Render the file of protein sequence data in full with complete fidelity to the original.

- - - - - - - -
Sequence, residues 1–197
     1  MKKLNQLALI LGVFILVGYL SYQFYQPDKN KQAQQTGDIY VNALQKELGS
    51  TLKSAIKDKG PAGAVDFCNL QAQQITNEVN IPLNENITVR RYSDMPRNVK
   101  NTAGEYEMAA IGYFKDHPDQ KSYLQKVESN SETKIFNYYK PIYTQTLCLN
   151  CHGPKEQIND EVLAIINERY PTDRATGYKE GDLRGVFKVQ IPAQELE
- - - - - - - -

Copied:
Sequence, residues 1–197
     1  MKKLNQLALI LGVFILVGYL SYQFYQPDKN KQAQQTGDIY VNALQKELGS
    51  TLKSAIKDKG PAGAVDFCNL QAQQITNEVN IPLNENITVR RYSDMPRNVK
   101  NTAGEYEMAA IGYFKDHPDQ KSYLQKVESN SETKIFNYYK PIYTQTLCLN
   151  CHGPKEQIND EVLAIINERY PTDRATGYKE GDLRGVFKVQ IPAQELE